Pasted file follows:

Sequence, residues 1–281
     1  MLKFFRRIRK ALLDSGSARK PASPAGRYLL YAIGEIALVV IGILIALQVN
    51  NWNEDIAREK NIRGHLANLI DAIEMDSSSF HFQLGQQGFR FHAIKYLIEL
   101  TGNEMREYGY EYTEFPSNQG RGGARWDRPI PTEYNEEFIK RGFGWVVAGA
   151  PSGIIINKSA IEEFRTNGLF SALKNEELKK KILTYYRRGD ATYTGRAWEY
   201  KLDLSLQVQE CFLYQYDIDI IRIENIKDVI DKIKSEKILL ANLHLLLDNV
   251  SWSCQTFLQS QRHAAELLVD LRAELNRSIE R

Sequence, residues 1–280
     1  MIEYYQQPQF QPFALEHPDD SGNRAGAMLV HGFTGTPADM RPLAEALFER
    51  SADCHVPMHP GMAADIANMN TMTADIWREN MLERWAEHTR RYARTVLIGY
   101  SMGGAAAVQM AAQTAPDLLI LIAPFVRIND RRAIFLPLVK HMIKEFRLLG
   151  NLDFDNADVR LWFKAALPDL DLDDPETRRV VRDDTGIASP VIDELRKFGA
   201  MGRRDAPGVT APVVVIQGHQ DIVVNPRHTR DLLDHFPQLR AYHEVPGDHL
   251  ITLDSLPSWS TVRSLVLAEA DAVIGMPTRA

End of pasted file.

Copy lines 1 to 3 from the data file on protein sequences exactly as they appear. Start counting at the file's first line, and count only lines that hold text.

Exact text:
Sequence, residues 1–281
     1  MLKFFRRIRK ALLDSGSARK PASPAGRYLL YAIGEIALVV IGILIALQVN
    51  NWNEDIAREK NIRGHLANLI DAIEMDSSSF HFQLGQQGFR FHAIKYLIEL